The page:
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An army of Amazon delivery services are joining forces, and UPS and FedEx should take notice

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What we’re going over today:

A Canoo electric delivery can with Front Door Collective branding drives on a bridge.

The Front Door Collective is a new subject delivery player launched by more than 100 Amazon delivery companies.

Front Door Collective


What’s trending this morning:


Amazon execution companies are taking on UPS and FedEx

A coalition of more than 100 small delivery companies have come together to forge the Frontdoor Collective. They claim that, together, they can make upwards of 1 million deliveries per day — and compete directly with emancipation giants UPS and FedEx.

The giants of the delivery world have a new challenger to contend with, and it’s like nothing they’ve survived before. 

It’s not a gig-economy startup or a massive foreign corporation coming to America. It’s the Frontdoor Collective, a coalition of more than 100 commonplace businesses, the vast majority of them delivering packages for Amazon. Some say they are frustrated by deteriorating returns and small growth potential, and they have banded together to form their own last-mile delivery company. 

The collective has been onboarding tight delivery companies via a franchise model, with the promise of unlocking new sources of revenue by contracting directly with retailers other than Amazon. As suddenness becomes more important to retailers, the collective’s national footprint could become a serious concern for UPS and FedEx. 

Get the full hollow out here:

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Working moms bear the brunt of the Delta variant

cartoon of working motherhood



Getty Images


As offices reopen, foremen need to recognize the challenges that working mothers face on a personal and professional level. Pandemic-related challenges at current in can impact job performance, and it’s up to employers to accommodate these challenges:

Expanding employee benefits and devising flexible ways of ascending that support mothers and families are imperative, particularly as mental-health issues skyrocket. 

The toll of mental load, which refers to the unseeable chores and emotional labor involved in running a household, is one of the primary culprits, per an economist.

Roughly 9.8 million handle mothers in America suffered from workplace burnout in 2020, according to a survey. Mothers were 28% myriad likely to experience burnout than fathers, and cases were higher among Black, Asian, and Hispanic women.

Interpret the full story here:

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Dollar General is looking to disrupt the healthcare industry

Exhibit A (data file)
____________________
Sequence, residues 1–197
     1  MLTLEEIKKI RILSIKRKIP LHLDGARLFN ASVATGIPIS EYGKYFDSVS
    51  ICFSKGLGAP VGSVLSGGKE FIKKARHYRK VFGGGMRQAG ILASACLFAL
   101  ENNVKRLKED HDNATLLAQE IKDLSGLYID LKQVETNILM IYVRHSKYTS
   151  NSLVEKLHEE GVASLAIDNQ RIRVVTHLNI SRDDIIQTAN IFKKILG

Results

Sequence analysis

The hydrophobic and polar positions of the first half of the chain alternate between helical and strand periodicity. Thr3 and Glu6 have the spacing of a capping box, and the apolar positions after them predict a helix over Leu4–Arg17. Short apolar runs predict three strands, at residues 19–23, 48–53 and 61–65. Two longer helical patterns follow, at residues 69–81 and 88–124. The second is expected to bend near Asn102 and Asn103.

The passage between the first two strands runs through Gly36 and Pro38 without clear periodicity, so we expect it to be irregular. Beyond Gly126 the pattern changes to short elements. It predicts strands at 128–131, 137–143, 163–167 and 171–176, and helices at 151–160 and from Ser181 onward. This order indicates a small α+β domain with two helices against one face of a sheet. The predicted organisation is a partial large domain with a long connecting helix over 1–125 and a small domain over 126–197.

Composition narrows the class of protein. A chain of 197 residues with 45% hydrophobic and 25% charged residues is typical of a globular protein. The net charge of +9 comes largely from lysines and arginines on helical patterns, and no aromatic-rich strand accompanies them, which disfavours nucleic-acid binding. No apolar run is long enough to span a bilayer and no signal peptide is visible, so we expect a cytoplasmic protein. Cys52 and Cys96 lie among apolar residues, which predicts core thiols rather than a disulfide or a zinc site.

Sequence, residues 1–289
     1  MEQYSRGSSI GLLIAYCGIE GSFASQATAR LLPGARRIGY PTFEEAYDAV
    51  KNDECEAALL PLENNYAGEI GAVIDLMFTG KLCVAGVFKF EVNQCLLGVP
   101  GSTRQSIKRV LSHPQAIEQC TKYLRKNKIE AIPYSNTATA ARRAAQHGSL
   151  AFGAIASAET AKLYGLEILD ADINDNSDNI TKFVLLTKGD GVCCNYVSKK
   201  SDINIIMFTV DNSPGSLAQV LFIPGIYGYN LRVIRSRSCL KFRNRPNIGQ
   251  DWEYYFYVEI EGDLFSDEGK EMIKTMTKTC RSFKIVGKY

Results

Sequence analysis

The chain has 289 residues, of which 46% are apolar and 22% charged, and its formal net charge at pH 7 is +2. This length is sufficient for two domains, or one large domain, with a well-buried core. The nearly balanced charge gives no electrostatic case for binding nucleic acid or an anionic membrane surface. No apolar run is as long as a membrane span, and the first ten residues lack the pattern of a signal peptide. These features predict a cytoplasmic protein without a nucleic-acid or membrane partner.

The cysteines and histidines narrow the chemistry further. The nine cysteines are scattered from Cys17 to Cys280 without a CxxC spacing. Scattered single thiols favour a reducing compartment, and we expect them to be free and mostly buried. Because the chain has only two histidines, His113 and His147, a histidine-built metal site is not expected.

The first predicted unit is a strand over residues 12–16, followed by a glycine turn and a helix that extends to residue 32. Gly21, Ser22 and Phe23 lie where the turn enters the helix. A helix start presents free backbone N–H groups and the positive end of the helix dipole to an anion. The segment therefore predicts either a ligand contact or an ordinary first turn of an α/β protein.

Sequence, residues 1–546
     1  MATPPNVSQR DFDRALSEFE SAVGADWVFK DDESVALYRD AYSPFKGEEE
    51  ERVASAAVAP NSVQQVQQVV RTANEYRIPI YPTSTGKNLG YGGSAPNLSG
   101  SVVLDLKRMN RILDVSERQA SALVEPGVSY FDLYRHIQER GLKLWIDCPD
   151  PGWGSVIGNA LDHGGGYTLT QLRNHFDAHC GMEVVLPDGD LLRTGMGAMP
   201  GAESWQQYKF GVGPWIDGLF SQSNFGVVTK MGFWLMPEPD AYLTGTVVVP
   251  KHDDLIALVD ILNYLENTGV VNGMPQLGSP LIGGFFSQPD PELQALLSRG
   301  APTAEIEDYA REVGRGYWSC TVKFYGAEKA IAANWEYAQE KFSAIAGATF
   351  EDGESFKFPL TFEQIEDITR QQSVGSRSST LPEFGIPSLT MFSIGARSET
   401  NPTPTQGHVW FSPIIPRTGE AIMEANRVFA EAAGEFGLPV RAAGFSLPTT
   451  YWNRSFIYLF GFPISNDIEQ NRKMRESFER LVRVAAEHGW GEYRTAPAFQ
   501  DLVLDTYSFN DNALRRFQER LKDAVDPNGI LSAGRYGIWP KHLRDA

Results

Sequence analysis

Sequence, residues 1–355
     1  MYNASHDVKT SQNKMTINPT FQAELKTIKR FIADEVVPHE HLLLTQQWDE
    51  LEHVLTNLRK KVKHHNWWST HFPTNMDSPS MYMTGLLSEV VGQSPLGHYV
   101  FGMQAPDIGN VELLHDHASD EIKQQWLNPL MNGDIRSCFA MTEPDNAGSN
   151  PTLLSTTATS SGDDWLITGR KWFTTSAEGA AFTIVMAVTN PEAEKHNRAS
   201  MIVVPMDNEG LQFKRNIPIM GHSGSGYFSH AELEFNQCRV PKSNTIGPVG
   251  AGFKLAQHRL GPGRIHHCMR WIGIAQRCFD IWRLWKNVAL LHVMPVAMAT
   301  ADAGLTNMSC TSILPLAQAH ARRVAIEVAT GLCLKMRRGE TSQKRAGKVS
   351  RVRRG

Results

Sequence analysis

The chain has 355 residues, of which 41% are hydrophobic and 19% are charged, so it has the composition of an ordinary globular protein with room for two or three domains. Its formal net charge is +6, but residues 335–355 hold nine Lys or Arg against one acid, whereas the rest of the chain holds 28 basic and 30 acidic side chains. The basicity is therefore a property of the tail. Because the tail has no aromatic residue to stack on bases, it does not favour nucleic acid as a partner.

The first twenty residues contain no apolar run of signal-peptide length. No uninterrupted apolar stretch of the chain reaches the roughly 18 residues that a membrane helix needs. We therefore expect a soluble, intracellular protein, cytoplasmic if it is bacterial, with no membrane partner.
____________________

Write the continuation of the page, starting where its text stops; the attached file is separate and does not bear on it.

An exterior shot of a Dollar General store



Jeremy Hogan/SOPA Similes/LightRocket via Getty Images


Dollar General has over 17,000 stores, but their new ambitions extend past inform oning bargains. Along with their new medical chief, the company is making moves to break into healthcare parturition. Analysts laid out three strategies that could lead to their success: 

But if Dollar General is serious not far from helping its communities, it could usher in a new era of healthcare access for many Americans across the country, experts said.

The unalloyed volume of Dollar General locations could displace the center of gravity in the fight to win over rural Americans as the embarrass to go for their health. Dollar General could also benefit patients who live in areas where primary guardianship or specialists are hard to come by. 

By offering over-the-counter medications, online prescription ordering, or telemedicine consultations, Dollar Inclusive could improve America’s healthcare system for people who historically have been left behind.

Get the details on Dollar Prevailing’s plan to disrupt healthcare:

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Internal memos reveal tension is rising between Amazon and its cloud colleagues 

AWS Andy Jassy Adam Selipsky

Amazon’s cloud unit has been wildly successful since launch. Here are its top challenges and opportunities as leadership replace withs command from Andy Jassy to Adam Selipsky in 2021.

Mike Blake/Reuters and Tableau


Increasingly, Amazon Web Servings is walking a fine line with developing its cloud services network of 100,000 partners, including software maker Snowflake. AWS notices constantly for cloud development and greater sales — which results in clashes between the company and its partners, per internal memos. 

Survive year, an AWS “Premier” consulting partner complained about getting “completely shut out” from discussions between its clients and AWS representatives, according to an internal AWS report viewed by Insider.

“2W feels that AWS sellers too often use the veil of ‘customer preoccupation’ to justify moving direct whereas the motivation is often the quota compensation or account control issue,” an AWS employee a postcarded in the internal report.

Some 2nd Watch salespeople “are afraid to submit opportunities in ACE for fear that AWS will take them direct in 6 months,” the internal AWS circulate said. 

See behind Amazon’s internal memos:

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Finally, here are some headlines you might induce missed last week.

— Matt 

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